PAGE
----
It’s largely thanks to Jeff’s professionalism and Dean’s grassroots marketing skills that jazz has bumped up its Austin profile in the last year. Catch him at the Driskill Hotel, Elephant Room and elsewhere soon.

Missing Raoul

(**I’m sharing some older posts, essays and articles while I’m sorting and editing some of my work to be included in a book I’m working on about my writing workshops. This blog post is from January 2010, when I was remembering New Year’s Eve 1999.)

Missing Raoul

On a damn near perfect New Year’s Eve – with my handsome, talented husband playing music I love, surrounded by good friends and new acquaintances, great food and drink in a swank bar/lounge with perfect lighting, in a creative, progressive city – I still couldn’t shake the low grade funk that tends to invade this night for me. Champagne and New Year’s Eve always conjure thoughts of two friends, Melissa and Raoul, who’ve left this life. I still miss them, and I haven’t quite forgiven them for leaving.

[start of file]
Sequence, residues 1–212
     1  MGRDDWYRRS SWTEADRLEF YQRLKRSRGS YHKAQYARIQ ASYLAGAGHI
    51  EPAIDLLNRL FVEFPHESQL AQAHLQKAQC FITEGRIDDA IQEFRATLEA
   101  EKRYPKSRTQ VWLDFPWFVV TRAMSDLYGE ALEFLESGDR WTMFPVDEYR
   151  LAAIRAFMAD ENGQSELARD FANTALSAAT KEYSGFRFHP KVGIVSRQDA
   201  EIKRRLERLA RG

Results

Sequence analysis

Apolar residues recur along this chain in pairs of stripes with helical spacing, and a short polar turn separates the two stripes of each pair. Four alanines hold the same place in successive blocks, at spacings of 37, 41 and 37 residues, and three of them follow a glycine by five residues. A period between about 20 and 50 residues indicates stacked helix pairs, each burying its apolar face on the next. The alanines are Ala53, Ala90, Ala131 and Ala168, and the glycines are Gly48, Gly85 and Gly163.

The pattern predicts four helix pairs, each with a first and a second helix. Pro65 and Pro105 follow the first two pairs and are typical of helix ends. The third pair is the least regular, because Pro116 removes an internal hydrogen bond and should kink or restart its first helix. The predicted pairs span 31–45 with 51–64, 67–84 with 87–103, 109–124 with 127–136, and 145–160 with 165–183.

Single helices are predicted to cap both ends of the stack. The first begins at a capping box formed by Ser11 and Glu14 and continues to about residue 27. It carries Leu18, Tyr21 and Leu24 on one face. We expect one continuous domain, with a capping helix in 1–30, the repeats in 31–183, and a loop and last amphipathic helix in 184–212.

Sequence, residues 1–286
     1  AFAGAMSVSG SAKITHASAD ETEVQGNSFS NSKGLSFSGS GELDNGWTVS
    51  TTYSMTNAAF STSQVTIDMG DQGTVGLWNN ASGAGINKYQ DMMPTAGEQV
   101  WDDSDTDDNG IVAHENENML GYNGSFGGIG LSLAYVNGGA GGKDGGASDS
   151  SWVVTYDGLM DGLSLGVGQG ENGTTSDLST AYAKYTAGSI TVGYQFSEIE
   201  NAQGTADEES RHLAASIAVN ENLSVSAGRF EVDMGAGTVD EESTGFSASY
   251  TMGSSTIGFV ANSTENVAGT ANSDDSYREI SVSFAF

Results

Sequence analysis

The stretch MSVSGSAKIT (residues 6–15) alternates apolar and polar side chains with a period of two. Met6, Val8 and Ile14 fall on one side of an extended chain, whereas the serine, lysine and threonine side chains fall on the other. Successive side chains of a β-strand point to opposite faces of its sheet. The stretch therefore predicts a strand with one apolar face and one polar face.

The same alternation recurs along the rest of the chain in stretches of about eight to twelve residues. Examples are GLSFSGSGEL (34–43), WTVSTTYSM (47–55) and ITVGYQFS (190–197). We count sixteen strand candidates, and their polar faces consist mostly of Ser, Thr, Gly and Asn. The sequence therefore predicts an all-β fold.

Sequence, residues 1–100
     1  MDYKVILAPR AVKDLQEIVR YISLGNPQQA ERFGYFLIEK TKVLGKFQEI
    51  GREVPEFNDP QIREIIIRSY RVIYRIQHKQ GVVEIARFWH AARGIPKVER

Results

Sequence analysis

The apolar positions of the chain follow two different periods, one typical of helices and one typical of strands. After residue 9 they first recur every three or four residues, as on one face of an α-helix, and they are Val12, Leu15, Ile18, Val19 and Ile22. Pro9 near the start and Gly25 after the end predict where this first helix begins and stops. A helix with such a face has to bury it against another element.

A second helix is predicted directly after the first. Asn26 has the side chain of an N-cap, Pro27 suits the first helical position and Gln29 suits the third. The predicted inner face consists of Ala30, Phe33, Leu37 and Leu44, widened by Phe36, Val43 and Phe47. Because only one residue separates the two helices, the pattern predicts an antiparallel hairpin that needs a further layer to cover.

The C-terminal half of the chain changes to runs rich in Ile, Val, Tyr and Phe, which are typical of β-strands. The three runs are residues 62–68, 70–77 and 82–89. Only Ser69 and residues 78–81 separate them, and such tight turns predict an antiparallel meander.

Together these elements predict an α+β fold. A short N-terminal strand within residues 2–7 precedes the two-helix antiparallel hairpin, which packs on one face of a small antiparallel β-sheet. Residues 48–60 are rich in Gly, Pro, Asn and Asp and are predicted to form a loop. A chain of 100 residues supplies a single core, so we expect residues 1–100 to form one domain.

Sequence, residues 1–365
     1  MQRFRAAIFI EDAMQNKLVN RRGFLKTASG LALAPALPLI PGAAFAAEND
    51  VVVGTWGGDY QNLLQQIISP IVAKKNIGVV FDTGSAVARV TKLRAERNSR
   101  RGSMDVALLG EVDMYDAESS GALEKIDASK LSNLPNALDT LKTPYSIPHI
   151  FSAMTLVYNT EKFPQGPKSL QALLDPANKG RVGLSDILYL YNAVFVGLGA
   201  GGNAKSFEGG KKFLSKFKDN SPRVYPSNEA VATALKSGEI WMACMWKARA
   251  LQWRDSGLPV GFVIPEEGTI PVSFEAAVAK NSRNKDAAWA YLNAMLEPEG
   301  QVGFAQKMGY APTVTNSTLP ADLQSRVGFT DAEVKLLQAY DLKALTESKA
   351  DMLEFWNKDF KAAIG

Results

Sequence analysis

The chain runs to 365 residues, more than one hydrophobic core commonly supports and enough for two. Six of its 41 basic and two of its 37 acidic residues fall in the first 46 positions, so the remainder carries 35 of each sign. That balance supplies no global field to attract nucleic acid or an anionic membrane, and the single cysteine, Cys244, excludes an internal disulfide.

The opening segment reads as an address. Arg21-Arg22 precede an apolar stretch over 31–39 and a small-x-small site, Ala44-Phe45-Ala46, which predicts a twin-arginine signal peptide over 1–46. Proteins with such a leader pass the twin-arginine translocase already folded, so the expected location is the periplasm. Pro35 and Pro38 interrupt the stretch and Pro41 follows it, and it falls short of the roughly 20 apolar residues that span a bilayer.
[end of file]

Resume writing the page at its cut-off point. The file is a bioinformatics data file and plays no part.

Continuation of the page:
I especially missed Raoul this year because it was a rowdy night he would have loved – the whole city partying and fun people joining and leaving our party. It’s been years since he died in a car wreck. And, even though I knew him in another city, I miss him in the odd way that leads me to forget for a buzzed moment he’s gone, and I expect him to burst in to join the party.

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Crocheting and Crying

Crocheting and Crying
by T. Dean Adams (Lofton)
This article originally appeared in skirt! magazine in 1998.

For the past year I have had the urge to crochet. Though I rarely have maternal urges, the desire to crochet feels similar. My great-aunt Myrt learned to crochet when she retired from fifty years of working at a textile mill. She taught my mother, who has crocheted for as long as I can remember.